Devin Moore, aka White Noise Maker, is a veteran of many different facets of the music industry. He founded and fronted Florida based alt-rock band named bloom., and shared the stage with luminaries like Dinosaur Jr, Guided By Voices, and Yeah Yeah Yeahs. He recently released Next To Nothing which is a five-song EP.
The songs felt like a mix of rock from a number of different decades with some elements of pop. I thought the main strength of the songs were the accessible and memorable melodies. The songs are catchy and revolve around the vocals.
“Don't They Shoot Horses” is the opener and felt somewhere between The Shins and The Beatles in terms of style and aesthetic. The verse combines slick clean guitars, a ’50s inspired drum beat and a steady bass line. I especially loved some of the fills the bass was doing on the bridge. The hook is wonderfully infectious. Moore sings “When you take the measure of man / Will I keep coming up short / Don’t they shoot horses / When they can’t run anymore.” This song felt like a highlight.
“Next to Nothing” starts with piano and vocals. The song quickly picks up with a big sounding bass, drums and other elements which explode into a big sounding hook. Moore nails the vocals here. He’s more subtle and intimate on the verse and let’s it soar when he sings “It’s all you’re gonna give / So I‘ve learned to live with next to nothing.” This felt like another highlight to my ears.
“Glass Piano” felt a little modern and the production was a lot more pop oriented. I honestly wasn’t expecting this turn but for the most part it works. The hook is perhaps the biggest yet with soaring background vocals, a rumbling sub bass, guitar and electric piano.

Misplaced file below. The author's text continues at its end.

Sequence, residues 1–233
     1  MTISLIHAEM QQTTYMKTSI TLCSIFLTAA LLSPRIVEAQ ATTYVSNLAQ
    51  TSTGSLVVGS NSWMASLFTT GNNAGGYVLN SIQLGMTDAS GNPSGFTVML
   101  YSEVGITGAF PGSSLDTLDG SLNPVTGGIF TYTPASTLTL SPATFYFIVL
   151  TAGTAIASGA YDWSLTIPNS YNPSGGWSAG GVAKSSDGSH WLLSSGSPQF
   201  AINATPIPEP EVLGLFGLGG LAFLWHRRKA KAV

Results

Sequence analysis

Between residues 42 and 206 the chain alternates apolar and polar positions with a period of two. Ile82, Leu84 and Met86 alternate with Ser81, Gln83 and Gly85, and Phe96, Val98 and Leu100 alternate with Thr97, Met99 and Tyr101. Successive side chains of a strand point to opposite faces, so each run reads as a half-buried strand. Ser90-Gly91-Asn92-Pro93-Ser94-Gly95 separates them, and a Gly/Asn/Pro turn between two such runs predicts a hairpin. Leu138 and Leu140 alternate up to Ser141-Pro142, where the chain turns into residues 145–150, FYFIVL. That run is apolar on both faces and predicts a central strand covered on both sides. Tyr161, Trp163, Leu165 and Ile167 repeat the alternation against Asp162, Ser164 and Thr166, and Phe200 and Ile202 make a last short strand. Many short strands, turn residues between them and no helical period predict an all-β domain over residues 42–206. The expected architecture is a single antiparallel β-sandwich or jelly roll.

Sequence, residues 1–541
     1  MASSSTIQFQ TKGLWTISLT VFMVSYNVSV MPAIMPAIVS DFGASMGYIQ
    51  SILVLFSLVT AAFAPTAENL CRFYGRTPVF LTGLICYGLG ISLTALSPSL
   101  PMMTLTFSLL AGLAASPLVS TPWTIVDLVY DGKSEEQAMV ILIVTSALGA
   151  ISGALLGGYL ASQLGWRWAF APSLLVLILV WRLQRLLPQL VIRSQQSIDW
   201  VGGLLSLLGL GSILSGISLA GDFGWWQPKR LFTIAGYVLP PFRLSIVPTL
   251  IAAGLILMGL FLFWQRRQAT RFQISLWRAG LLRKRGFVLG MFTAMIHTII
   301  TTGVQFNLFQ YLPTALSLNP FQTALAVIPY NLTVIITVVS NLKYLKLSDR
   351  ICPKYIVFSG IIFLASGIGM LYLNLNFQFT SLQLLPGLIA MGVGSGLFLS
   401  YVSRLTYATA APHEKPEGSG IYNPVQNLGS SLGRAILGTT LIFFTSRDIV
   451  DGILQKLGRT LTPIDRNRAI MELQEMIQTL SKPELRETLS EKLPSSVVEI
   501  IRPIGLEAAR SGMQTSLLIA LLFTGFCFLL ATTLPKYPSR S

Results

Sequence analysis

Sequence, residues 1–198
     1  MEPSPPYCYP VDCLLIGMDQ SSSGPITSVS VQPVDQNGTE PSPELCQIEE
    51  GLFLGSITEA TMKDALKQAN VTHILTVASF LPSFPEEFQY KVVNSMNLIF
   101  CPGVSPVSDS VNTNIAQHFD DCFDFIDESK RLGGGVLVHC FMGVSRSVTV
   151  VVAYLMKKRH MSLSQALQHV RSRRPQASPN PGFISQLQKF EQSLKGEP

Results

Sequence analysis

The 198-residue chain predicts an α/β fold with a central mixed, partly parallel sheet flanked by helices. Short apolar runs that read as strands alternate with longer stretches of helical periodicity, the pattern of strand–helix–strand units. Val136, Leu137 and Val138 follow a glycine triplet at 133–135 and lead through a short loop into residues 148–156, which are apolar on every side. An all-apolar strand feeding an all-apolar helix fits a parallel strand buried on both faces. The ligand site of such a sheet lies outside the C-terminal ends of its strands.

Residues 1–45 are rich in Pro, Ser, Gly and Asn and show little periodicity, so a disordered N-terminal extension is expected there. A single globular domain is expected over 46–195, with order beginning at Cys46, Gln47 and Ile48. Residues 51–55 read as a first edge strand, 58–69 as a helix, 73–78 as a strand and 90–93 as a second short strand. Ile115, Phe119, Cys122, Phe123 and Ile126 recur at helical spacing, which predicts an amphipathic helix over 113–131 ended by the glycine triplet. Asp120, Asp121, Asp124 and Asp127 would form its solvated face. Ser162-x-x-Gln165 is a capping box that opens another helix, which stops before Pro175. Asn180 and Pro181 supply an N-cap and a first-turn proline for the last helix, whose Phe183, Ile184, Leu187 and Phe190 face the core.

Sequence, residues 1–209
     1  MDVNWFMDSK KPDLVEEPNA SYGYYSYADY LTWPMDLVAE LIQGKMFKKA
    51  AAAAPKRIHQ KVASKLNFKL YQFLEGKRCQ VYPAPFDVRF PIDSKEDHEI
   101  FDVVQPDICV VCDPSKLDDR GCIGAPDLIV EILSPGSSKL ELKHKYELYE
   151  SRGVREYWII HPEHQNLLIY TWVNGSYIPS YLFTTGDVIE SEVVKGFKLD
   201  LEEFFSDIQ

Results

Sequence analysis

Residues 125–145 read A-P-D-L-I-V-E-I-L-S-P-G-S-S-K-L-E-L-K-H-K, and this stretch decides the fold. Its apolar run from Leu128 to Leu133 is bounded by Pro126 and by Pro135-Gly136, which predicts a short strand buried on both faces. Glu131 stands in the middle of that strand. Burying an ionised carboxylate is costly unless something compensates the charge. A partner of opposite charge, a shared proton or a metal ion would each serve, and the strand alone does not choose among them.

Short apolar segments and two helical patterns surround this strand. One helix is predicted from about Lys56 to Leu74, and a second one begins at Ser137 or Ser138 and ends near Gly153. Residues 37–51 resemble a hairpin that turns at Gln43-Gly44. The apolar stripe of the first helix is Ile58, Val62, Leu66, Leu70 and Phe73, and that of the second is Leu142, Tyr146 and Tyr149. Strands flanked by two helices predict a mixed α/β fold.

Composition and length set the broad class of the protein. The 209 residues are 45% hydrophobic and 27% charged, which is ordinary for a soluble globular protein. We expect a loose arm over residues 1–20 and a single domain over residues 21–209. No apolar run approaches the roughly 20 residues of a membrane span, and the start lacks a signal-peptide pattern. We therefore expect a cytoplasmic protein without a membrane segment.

“The Speed of Darkness” dips more into pop territory. This is the most dynamic song yet. The verse revolves around subtle guitar and occasional notes on piano. As the song progresses it sort of ebbs and flows dynamically until the hook comes. The chorus and hook is thematic when he sings “Moving at the speed of darkness / Night hits, eyes wide open / Mountains, madmen / At it again.”
“Heavy Weight” was a really good song. The production is again more modern sounding however the heart of the song comes from the vocals and piano. It’s got an empowering and motivational type of energy.
This EP felt accessible to me in a number of ways. I think fans of artists like The Beatles, Of Montreal and Father John Misty will enjoy this but it also has more of a mainstream pop appeal as well. That’s a wide demographic and I think fans or either or both will enjoy this. Recommended.
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